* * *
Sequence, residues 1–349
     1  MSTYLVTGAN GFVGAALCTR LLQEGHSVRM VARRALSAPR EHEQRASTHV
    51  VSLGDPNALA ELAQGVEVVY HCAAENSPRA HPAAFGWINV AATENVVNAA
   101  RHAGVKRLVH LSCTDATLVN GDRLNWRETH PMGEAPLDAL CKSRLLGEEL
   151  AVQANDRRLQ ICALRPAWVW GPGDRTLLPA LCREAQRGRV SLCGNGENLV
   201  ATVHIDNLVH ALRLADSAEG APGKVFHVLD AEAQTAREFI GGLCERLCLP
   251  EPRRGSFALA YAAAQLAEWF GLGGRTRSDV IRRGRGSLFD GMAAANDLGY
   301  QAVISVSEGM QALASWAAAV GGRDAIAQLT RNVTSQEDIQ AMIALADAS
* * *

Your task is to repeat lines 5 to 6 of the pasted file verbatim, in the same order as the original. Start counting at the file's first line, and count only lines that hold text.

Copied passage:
   151  AVQANDRRLQ ICALRPAWVW GPGDRTLLPA LCREAQRGRV SLCGNGENLV
   201  ATVHIDNLVH ALRLADSAEG APGKVFHVLD AEAQTAREFI GGLCERLCLP